"We must move forward in courage and hope."
In the aftermath of typhoon Haiyan, relief workers from the Buddhist Compassion Relief Tzu Chi Foundation visited the roofless Santo Nino Church in Tacloban City to offer help in rebuilding the church. It was truly an unexpected gesture for people of another faith. Deeply moved by their generosity, then parish priest Msgr. Alex Opiniano inquired of the reason behind their donation. They have seen the faith of the people, they explained, and they realized how important the church was to them.
Such an opportune moment that on Pentecost this year, many churches in different parts of the country began to open up for “masses with the people”. For weeks since the COVID-19 pandemic began, masses in predominantly Catholic Philippines have been celebrated “sine populo”, that is “without the people”. Although many of these liturgies have been livestreamed via the internet or broadcast through television, many of the Catholic faithful have not received the Eucharist during Holy Week and Easter, the most solemn season of the church calendar.
But despite being separated from each other during this period of community quarantine, Catholics and other Christians found a new way of living and expressing their faith—through family prayer and livestreamed liturgies. While many of our church buildings were locked and empty—prayers were even broadcast on loud speakers, transforming homes into—as what the Church calls—domestic churches.
Opening the churches did not happen without controversy. Calls for the government to allow churches resume began to increase with the shift from ECQ to GCQ measures. The government flip-flopped at least once in its decision to allow religious gatherings, but despite the obvious disappointment, the Church patiently complied with government regulations. The bishops of Metro Manila in fact asked their faithful to observe the quarantine measures calling such actions “an act of charity”. But heeding the call of Pope Francis, it likewise encouraged the clergy to not be remised in their pastoral duties, both in prayer and acts of charity.
As the churches were emptied, clergy and lay Catholics went to into the communities to bring relief to those stranded in their homes, and those who lost their jobs. Caritas Manila distributed relief bags and hygiene kits, as did several other dioceses throughout the country. They mobilized relief operations, medical clinics and even cash-for-work programs. Many parishes and religious congregations have opened their schools and churches to house the homeless and the medical frontliners.
There are critics, though, who think, the Church could have done more. In a way, I agree with them. The crisis of these past weeks have caused the world to stand still and significantly changed our familiar way of life. In fact, the challenge applies not only to churches, but schools, hospitals as well as governments should do more to make our families safer and prevent the further spread of COVID-19. But more than the relief services, people of faith would agree that the greatest contribution that the Catholic Church as well as other churches have made during this difficult crisis are their efforts of pastoral accompaniment, bringing the faith into our home, comforting us with their prayers for protection and assuring us with the confidence of hope that, this too, shall pass.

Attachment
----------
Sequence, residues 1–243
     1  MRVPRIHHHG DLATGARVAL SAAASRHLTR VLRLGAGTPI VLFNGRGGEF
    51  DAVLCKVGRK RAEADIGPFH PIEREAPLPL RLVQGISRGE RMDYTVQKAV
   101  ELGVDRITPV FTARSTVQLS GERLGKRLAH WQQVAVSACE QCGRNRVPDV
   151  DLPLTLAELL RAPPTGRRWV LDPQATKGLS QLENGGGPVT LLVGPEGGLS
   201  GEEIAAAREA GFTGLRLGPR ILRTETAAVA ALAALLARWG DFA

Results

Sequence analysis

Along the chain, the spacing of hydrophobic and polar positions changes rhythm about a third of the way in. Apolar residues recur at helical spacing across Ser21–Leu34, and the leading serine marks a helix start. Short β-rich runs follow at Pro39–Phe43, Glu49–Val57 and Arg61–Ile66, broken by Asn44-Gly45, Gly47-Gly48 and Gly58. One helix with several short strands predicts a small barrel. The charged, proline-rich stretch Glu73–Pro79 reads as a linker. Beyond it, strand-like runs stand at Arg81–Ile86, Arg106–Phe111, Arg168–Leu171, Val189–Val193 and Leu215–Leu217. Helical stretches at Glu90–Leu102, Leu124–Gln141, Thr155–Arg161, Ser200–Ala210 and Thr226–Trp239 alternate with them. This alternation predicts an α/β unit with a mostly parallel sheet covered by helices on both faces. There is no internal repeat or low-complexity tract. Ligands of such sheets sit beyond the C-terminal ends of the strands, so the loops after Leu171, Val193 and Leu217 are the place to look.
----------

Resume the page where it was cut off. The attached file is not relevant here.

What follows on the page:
The painful restrictions that the Church has imposed on itself have not been made lightly, but these are consistent with its long-held realization that faith, service and science are not exclusive of each other. In fact, the most important early sets of public health guidelines for quarantine were compiled by Cardinal Girolamo Gastaldi in the seventeenth century, outlining public health measures considered to be the most effective at the time for containing contagion.
At the beginning of his pontificate, Pope Francis, envisioned the Church as a “field hospital after a battle”—with the “ability to heal wounds and to warm the hearts of the faithful.” A seeming premonition to what was bound to happen during this COVID-19 pandemic. The pope himself has taken advantage of modern media especially the internet, to show his nearness to the faithful, even broadcasting his daily masses, and portraying himself as the “world’s parish priest”—inviting the whole world into his own private chapel.
In the 50 days that followed after Easter, Mary and the apostles were in the Upper Room, spending their time in prayer and reflection—in a period of spiritual quarantine, fearful perhaps of persecution from the Jews, or possibly puzzled by the miracles of the resurrection. There they remained until when the Holy Spirit came down upon them in forms of tongues of fire.
Pentecost this year marks a similar time of rebirth for today’s Church. From the isolation of the past weeks, our churches will open once more, even more confident of God’s enduring faithfulness that has stayed true even in the faith of illness and death. The COVID-19 virus will still be there, but we move forward in hope that now and in the future, as it was in the past, we are not alone.
Faith, science and service. So we must move forward in courage and hope. We must move on with the comfort of faith. We must listen to sound medical guidelines and verified scientific facts, and not give in to confusion and “alternative truths”. We are called to obedience and cooperation with our duly constituted civil authorities. We continue to be inspired by the compassion of the people who have risked their lives and health to save others. In a post-COVID-19 world, we are asked to be examples of Christ’s saving love—in our words and actions.
Come Holy Spirit, and renew the face of the earth!